The presence of crushed, necrotic, and infected tissues in a patient with acute renal failure can enormously complicate the management of the patient's hospital course and, in many cases, can lead to a much more rapid progression of uremia and potassium intoxication. This situation has been abundantly documented in recent years.1-3 While it is generally agreed that necrotic tissue should be immediately debrided in these patients,4,5 it has been noted that at times little benefit seems to accrue from this procedure.4 The following cases are offered as examples of what may be expected of surgery under various circumstances in post-traumatic acute renal failure.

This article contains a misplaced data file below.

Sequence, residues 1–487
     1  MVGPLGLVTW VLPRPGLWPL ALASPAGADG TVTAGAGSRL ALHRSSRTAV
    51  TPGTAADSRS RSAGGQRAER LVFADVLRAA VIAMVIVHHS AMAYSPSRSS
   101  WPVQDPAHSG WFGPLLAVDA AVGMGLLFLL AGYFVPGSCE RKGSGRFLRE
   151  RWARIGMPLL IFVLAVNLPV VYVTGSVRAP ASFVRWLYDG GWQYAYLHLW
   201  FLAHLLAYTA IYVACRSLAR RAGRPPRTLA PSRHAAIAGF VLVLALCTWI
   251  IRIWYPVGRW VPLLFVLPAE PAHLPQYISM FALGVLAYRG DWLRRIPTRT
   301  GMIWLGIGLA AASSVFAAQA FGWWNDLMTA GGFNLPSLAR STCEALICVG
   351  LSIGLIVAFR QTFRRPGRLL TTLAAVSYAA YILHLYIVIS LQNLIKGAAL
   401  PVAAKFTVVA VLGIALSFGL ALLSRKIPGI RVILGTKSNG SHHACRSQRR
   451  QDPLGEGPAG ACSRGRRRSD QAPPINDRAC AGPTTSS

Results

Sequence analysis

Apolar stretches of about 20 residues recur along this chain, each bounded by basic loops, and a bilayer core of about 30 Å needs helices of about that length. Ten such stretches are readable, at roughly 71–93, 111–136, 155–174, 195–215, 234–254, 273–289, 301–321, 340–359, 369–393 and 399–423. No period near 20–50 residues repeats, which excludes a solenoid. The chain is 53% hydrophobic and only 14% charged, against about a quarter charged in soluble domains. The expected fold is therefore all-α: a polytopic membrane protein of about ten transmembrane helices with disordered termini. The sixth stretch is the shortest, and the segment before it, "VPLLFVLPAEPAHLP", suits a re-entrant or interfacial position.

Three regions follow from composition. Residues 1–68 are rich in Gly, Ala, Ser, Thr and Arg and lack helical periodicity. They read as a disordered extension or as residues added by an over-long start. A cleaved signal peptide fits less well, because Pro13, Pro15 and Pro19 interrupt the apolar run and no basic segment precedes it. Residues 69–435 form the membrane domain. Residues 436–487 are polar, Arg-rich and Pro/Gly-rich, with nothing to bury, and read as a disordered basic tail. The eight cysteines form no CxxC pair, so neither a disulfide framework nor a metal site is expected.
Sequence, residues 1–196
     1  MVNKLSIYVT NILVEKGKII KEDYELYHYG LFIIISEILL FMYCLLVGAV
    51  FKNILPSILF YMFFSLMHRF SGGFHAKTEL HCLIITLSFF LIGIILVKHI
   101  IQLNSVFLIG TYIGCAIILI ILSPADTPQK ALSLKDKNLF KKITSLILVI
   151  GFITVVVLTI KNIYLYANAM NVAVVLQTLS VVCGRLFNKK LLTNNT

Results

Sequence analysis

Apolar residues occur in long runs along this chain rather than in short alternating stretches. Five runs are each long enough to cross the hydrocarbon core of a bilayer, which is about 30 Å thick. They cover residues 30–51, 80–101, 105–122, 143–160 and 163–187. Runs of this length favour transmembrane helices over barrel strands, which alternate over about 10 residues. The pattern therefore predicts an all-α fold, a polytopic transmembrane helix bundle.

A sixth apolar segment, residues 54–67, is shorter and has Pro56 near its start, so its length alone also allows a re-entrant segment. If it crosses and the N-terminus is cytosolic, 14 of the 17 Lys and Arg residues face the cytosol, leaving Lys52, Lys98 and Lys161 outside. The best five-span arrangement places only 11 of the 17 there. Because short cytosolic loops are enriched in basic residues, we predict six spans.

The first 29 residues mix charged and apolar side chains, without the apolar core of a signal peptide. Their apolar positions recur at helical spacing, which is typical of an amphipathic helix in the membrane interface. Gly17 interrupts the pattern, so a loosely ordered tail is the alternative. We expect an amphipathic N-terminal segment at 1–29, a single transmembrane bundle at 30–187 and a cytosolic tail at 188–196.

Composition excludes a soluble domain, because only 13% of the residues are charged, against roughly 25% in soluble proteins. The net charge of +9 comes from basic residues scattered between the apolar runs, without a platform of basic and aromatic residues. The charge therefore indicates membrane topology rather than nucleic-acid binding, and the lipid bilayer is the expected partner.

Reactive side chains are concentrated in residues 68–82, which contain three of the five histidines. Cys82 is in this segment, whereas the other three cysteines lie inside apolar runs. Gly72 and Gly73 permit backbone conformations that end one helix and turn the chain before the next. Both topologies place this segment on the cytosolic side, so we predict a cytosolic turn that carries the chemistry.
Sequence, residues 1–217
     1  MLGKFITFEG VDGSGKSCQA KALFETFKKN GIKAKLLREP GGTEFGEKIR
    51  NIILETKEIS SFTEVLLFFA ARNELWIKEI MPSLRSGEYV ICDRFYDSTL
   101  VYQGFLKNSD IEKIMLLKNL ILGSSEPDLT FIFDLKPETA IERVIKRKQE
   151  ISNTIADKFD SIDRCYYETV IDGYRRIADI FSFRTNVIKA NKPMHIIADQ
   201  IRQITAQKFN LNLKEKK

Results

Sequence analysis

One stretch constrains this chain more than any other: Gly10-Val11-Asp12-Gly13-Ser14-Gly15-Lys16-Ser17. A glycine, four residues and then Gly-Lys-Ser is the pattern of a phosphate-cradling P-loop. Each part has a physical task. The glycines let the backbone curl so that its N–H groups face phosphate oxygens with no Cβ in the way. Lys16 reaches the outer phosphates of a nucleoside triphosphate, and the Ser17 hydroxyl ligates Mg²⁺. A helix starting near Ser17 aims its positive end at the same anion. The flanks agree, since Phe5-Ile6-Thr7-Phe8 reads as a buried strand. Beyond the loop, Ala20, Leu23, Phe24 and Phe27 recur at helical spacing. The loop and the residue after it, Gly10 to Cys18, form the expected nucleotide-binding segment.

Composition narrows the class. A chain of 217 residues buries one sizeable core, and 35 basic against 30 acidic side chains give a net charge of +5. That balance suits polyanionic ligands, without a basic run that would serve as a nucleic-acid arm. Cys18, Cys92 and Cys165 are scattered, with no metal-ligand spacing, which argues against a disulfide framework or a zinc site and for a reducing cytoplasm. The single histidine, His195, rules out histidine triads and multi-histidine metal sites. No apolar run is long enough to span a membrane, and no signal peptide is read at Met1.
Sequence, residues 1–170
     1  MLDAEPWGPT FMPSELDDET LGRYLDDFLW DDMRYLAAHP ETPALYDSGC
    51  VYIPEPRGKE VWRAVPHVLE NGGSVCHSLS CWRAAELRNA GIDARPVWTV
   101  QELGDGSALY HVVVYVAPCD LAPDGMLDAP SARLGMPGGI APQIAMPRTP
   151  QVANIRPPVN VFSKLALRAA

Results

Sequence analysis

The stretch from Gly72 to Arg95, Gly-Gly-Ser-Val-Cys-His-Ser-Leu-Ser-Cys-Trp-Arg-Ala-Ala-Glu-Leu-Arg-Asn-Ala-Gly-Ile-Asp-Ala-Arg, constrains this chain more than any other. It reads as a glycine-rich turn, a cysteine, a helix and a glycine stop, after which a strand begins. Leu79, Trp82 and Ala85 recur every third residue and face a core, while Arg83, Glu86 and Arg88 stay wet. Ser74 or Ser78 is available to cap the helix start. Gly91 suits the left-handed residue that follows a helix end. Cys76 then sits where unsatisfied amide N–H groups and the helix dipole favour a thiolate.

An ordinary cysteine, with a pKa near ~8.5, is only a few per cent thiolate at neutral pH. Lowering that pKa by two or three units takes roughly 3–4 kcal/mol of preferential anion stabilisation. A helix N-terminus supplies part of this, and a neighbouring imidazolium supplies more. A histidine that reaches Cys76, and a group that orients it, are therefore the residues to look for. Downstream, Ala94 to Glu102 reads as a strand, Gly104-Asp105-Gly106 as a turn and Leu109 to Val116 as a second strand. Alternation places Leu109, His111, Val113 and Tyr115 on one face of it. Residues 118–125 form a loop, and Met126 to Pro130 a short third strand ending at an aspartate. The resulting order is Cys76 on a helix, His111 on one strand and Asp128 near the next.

These patients were treated at a specialized treatment center in Korea where casualties who developed post-traumatic renal insufficiency were referred. An artificial kidney was employed as an adjunct in controlling uremia and potassium intoxication. Many of these patients had received massive wounds.